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Welcome to the Electrochemistry Laboratory (LEC)

The Electrochemistry Laboratory (LEC), established 1988, is part of the Energy and Environment Research Division (ENE) at the Paul Scherrer Institute. The laboratory comprises two sections and 5 interacting groups that deal with almost all aspects of electrochemical energy storage and conversion.
PSI’s Electrochemistry Laboratory is Switzerland’s largest Center for Electrochemical Research.

LEC on TV and Radio

Swiss Radio: SRF Regionaljournal Aargau Solothurn, May 8, 2017, 17:30h
Paul Scherrer Institut entwickelt Akku der Zukunft
Swiss TV: Kassensturz, January 17, 2017, 21:10h
Knopfbatterien im Test: Enorme Preisunterschiede
Swiss TV: Einstein, November 26, 2015, 21:07h
Die Renaissance der Batterie
Swiss TV: Einstein, November 21, 2013, 21:07h
Mobilität ohne Treibhausgase
Wasserstofftankstellen für die Schweiz?

PSI Electrochemistry Symposium

34th PSI Electrochemistry Symposium
Topic: How to Push the Resolution Limits of Characterization in Electrochemistry?
April 25, 2018
Paul Scherrer Institut, Villigen PSI
Program and registration details will be announced in January 2018

See more about our past Symposia:
33rd PSI Electrochemistry Symposium
Topic: From the Lab to the Market
May 10, 2017
Paul Scherrer Institut, Villigen PSI
view our past program 2017 ...

32nd PSI Electrochemistry Symposium
Topic: Electrolytes - The Underestimated Player in Electrochemical Processes
April 27, 2016
Paul Scherrer Institut, Villigen PSI
view our past program 2016 ...

31st PSI Electrochemistry Symposium
Topic: Electrochemical Energy Storage: A Key for Future Energy Systems
May 06, 2015
Paul Scherrer Institut, Villigen PSI
view our past program 2015 ...

News

Quarzpulver für den Akku der Zukunft

https://www.psi.ch/media/quarzpulver-fuer-den-akku-der-zukunft May 8, 2017

Wasserkanäle machen Brennstoffzellen effizienter

https://www.psi.ch/media/wasserkanaele-machen-brennstoffzellen-effizienter September 23, 2015

The key to charging a lithium-ion battery rapidly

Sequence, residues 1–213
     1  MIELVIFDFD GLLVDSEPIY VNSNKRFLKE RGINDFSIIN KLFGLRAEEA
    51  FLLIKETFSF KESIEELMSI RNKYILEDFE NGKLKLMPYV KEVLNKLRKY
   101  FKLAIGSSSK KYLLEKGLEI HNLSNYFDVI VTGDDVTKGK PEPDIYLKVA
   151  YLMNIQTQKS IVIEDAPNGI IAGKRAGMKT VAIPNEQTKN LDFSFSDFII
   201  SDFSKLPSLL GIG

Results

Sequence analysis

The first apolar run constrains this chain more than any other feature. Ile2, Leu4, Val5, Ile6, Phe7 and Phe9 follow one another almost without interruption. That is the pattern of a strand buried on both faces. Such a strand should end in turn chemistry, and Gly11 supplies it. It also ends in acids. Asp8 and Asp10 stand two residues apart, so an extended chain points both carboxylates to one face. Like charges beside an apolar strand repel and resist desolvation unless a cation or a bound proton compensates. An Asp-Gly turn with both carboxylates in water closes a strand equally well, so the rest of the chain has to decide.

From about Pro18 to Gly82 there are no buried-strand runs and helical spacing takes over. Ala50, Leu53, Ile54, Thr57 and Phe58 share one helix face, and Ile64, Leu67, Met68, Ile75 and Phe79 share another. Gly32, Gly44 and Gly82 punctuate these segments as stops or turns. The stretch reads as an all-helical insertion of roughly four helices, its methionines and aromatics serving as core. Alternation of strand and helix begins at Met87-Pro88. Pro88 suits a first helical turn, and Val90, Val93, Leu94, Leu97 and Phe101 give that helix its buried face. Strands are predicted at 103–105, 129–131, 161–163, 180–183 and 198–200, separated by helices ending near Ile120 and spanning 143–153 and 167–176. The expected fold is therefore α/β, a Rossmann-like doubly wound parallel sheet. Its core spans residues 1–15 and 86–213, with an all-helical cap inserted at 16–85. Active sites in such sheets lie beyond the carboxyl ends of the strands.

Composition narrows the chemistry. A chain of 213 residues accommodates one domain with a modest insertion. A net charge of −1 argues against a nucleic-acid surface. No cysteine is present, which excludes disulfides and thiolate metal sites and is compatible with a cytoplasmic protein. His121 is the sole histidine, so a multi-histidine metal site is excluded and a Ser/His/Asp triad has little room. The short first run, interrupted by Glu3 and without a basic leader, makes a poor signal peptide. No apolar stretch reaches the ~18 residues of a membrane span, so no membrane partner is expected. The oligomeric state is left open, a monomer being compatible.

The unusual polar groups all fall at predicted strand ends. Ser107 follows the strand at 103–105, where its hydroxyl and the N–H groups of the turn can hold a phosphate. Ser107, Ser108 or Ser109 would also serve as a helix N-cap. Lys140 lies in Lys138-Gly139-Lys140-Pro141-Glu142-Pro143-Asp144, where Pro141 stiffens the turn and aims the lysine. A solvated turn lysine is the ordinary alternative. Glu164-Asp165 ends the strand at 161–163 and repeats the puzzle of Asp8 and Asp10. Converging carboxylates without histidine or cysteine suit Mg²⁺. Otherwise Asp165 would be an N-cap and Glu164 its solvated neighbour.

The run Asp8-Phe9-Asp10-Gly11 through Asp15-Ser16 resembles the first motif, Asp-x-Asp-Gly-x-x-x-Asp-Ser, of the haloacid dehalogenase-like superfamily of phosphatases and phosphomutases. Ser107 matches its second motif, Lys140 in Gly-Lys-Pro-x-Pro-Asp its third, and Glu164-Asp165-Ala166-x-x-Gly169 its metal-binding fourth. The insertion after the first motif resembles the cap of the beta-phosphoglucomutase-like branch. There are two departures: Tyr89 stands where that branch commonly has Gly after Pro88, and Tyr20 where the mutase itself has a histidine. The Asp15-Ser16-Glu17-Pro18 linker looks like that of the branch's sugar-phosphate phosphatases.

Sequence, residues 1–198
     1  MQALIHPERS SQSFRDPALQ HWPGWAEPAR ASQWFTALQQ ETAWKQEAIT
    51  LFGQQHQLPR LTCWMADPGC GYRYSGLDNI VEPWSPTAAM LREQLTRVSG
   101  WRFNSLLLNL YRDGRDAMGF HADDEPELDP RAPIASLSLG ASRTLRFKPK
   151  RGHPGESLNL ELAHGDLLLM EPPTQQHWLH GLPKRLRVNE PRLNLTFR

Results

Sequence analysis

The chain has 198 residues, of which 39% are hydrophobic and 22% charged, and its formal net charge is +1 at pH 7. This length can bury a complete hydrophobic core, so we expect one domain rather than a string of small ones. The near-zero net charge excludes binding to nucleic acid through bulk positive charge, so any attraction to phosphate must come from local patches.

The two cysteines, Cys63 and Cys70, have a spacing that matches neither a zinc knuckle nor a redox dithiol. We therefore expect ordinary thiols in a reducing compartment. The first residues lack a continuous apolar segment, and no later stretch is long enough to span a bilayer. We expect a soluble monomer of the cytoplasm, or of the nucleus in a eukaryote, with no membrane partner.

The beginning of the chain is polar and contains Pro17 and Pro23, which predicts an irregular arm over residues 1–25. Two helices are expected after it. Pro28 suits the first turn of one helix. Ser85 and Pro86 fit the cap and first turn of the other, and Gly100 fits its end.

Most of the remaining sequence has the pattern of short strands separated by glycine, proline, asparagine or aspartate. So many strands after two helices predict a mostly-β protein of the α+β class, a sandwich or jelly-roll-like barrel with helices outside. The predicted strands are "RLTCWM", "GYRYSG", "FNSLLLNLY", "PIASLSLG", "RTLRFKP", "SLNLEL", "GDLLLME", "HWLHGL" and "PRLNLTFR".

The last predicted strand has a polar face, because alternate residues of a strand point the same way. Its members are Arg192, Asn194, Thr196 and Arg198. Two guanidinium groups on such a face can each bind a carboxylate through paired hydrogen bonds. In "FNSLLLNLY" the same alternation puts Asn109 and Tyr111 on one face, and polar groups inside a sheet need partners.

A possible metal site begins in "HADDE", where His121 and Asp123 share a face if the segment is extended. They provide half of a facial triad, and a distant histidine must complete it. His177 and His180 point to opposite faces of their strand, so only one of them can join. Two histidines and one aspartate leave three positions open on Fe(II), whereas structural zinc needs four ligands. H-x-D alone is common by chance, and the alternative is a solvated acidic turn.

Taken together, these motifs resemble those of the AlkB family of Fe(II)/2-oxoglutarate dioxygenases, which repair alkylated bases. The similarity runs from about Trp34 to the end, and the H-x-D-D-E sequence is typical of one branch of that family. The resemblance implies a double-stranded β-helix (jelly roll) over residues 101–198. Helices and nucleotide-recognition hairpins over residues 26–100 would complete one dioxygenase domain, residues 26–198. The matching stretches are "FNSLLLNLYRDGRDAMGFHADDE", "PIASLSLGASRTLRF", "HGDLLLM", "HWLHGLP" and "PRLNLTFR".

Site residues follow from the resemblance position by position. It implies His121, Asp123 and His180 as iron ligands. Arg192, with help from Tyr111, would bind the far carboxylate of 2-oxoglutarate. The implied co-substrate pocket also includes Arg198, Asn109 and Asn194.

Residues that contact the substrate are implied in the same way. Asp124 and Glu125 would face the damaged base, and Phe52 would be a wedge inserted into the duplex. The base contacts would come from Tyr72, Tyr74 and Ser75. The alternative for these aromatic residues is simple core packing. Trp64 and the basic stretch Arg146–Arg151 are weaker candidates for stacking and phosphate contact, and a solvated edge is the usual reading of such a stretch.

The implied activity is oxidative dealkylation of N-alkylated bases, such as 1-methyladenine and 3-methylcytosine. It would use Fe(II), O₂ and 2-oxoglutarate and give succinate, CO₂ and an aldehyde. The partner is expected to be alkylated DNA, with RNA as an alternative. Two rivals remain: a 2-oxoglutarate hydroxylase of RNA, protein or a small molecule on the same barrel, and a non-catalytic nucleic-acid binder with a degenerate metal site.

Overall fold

http://www.psi.ch/media/the-key-to-charging-a-lithium-ion-battery-rapidly September 08, 2015

Das Kompetenzzentrum Speicherung zieht nach einem Jahr Bilanz

Media Release November 14, 2014

Ice in fuel cells imaged directly for the first time

Media Release June 16, 2014

Fuel cell know-how from the Paul Scherrer Institute at the core of the SBB minibar

Media Release April 4, 2014

The Paul Scherrer Institute runs two of the energy competence centres (SCCERs) of the Swiss government

Media Release December 12, 2013

Fuel cell membrane from the Paul Scherrer Institute better than its commercial counterparts

Media Release November 28, 2013

Zukünftige Computerchips mit "elektronischem Blutkreislauf"

Media Release November 14, 2013

Five times less platinum: fuel cells could become economically more attractive thanks to novel aerogel catalyst.

Media Release August 08, 2013

An ultrathin energy storage device made of carbon

Media Release April 26, 2013

Memory effect now also found in lithium-ion batteries

Media Release April 14, 2013

Annual Report

Annual Report 2016

View in Issuu.com
Download

Scientific Highlight

June, 2013

Dosing Differential Electrochemical Mass Spectrometry (D-DEMS) for Li-O2 Batteries

The high-energy rechargeable Li-O2 battery has been subject to intensive research worldwide during the past years. The Li-O2 cell mainly comprises a negative (e.g. Li metal) and positive (e.g. porous carbon) electrode separated by an electronically insulating, but Li+ conducting electrolyte layer. In order to study the cell chemistry, a differential electrochemical mass spectrometry setup based on a set of valves, a pressure sensor and a quadrupole mass spectrometer has been developed. On galvanostatic discharge, oxygen dissolves in the non-aqueous electrolyte, reduces at the porous carbon surface to form mainly Li2O2, as determined from the linear decrease in the oxygen pressure corresponding to a ratio of 2e- per O2 consumed. On charge, the discharge product is oxidized, the lithium ions return to the negative electrode and oxygen gas evolves. Although the oxygen evolution rate initially reaches 2e-/O2, it rapidly drops as the cell over-potential increases. In addition, the evolution of CO2 at 4.3 V vs Li+/Li clearly demonstrates the existence of parasitic side reactions. The D-DEMS, as successfully developed at PSI, is a key tool for analyzing the O2 gas usage, without which conclusions on the cell rechargeability can hardly be drawn.


Presentation slides
Publication: ECL Annual Report 2012

Further publications: Lithium batteries - Phase Boundaries

Header Picture:

Elemental mapping of the surface of a proton conducting fuel cell membrane prepared by swift heavy ion beam irradiation and grafting. Green areas (sulfur) indicate ion conducting domains (diameter around 1 micron), black areas (fluorine) the insulating matrix.